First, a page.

Margaret Bourke-White, "At the Time of the Louisville Flood," 1937© LIFE Picture Collection * Courtesy Museum of Fine Arts

The curators have done prodigious research in the Life archives. Perhaps the extent of their knowledge leads them to wonder about how much their readers know or can figure out for themselves. The wall text accompanying Bourke-White’s photograph “At the Time of the Louisville Flood,” from 1937, describes how its “juxtaposition of a billboard featuring a smiling white family touting ‘the American Way’ and the ‘World’s Highest Standard of Living’ above a line of Black Americans waiting for flood relief highlights disparities between advertising and reality, as well as racial and economic inequality.” Well, yes, absolutely, and 2 + 2 = 4.

Presumably in an effort to give the exhibition a sense of relevance and additional moral heft, not that it doesn’t already have both, the show includes the work of three contemporary artists: Alexandra Bell, Alfredo Jaar, and Julia Wachtel. The idea is for them to “frame larger conversations about implicit biases and systemic racism in photojournalism and contemporary media, inviting us to reflect on ourselves and our inherited historical narrative.” That’s a challenging brief.


Alexandra Bell, "Gang Leader," 2022.Courtesy of the Artist * Photograph © Museum of Fine Arts

Bell reworks several front pages and section fronts of The New York Times so as to highlight various biases and a lack of objectivity. She blacks out text, writes editorial comments, and so forth. This is useful and informative. But it’s also slightly unsettling, though not in the way that Bell likely intends, since implicit in her presentation is the idea that her own views are themselves somehow objective and unbiased.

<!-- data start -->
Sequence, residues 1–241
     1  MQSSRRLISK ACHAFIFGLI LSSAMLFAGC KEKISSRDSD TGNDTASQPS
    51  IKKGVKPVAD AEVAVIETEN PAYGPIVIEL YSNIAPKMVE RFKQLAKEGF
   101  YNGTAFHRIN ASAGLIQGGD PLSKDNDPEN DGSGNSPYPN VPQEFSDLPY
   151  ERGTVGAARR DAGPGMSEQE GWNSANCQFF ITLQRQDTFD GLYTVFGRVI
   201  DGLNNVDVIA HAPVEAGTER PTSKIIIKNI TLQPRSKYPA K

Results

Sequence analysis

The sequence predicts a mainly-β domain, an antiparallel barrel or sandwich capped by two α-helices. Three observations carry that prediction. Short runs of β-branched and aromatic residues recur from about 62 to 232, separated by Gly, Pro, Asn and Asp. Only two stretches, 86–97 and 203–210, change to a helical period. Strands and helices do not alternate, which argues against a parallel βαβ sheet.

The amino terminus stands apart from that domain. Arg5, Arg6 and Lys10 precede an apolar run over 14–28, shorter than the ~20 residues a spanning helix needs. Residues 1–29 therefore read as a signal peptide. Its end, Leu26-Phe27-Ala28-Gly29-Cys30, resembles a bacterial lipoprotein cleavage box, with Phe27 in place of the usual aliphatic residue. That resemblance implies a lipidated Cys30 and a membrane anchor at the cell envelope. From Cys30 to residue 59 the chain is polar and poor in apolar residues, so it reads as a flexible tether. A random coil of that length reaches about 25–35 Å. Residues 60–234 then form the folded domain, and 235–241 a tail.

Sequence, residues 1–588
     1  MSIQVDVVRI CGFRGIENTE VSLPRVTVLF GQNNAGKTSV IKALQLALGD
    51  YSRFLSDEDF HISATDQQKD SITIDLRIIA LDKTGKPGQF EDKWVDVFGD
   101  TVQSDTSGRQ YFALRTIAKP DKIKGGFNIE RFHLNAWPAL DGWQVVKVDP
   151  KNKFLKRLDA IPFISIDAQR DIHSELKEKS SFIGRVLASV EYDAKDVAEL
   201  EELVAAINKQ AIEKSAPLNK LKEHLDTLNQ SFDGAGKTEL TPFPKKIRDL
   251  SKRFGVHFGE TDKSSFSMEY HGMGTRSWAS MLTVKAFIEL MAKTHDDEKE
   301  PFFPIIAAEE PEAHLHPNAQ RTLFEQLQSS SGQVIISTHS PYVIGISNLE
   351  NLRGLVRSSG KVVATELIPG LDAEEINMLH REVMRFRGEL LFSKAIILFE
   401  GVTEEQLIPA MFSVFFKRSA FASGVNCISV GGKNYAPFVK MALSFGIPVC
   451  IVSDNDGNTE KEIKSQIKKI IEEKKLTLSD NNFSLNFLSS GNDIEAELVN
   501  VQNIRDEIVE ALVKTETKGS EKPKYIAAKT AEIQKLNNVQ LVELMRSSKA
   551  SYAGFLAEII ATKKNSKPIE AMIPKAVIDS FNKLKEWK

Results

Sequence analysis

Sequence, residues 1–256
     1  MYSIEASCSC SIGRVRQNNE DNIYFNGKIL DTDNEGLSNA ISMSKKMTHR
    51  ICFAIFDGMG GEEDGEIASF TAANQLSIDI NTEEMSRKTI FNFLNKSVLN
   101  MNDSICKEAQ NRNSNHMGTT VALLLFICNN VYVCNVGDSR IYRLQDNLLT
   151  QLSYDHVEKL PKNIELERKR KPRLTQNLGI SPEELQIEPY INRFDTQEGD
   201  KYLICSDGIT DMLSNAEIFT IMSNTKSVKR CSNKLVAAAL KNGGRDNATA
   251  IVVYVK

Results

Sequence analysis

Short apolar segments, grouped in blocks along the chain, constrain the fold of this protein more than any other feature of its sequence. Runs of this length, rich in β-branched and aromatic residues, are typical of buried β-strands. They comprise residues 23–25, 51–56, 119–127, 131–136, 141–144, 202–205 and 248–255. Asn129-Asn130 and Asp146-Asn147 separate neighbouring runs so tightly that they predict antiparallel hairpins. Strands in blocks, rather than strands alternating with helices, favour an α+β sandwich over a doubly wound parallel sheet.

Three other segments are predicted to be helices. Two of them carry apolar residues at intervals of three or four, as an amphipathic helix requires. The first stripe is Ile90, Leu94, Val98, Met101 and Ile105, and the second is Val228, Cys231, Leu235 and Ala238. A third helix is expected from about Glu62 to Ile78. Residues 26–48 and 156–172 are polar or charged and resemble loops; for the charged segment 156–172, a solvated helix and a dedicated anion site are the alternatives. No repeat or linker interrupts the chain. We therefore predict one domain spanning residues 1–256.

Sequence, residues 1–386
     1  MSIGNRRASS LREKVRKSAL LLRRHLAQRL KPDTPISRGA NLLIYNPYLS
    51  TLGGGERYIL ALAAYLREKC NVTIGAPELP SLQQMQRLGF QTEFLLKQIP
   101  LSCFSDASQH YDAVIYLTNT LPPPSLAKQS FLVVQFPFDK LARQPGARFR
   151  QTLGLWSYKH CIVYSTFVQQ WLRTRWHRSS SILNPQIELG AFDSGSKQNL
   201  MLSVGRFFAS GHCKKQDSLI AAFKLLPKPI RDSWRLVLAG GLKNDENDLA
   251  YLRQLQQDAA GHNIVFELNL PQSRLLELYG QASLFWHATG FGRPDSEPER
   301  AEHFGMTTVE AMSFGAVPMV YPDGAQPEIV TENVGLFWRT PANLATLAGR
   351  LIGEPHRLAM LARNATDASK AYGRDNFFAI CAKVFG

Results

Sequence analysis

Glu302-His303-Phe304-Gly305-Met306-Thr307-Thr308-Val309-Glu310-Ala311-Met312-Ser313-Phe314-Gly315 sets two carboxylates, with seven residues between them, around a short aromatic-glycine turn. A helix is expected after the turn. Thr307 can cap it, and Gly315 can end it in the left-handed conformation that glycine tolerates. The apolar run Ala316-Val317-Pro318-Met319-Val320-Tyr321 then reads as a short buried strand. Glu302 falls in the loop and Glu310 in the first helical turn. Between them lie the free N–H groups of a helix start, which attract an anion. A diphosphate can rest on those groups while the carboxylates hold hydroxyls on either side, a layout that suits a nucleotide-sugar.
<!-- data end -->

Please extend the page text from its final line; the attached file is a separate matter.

What Bell, Jaar, and Wachtel seek to do, another wall text explains, is “interrogate the news media through their practice.” Any such endeavor is good and welcome and can even be illuminating when, or if — and here, obviously, the views of someone who is himself part of the news media might justifiably be considered suspect — it also strives to “interrogate” its own assumptions, biases, and practice. Otherwise what you get is bien-pensant cant. Whether such a dual interrogation has occurred is for viewers to decide.

The show concludes with a nice flourish: a very circa 1969 alcove. It has shag carpeting, a couple of TVs showing footage of the first moon landing, and a split-level glass-and-metal coffee table. On it are a copy of the show’s catalog and four fanned-out copies of Life. It’s a material-culture reminder of how much Life could be a part of everyday, you know, life.


At Museum of Fine Arts, 465 Huntington Ave., through Jan. 16. 617-267-9300, www.mfa.org

Mark Feeney can be reached at mark.feeney@globe.com.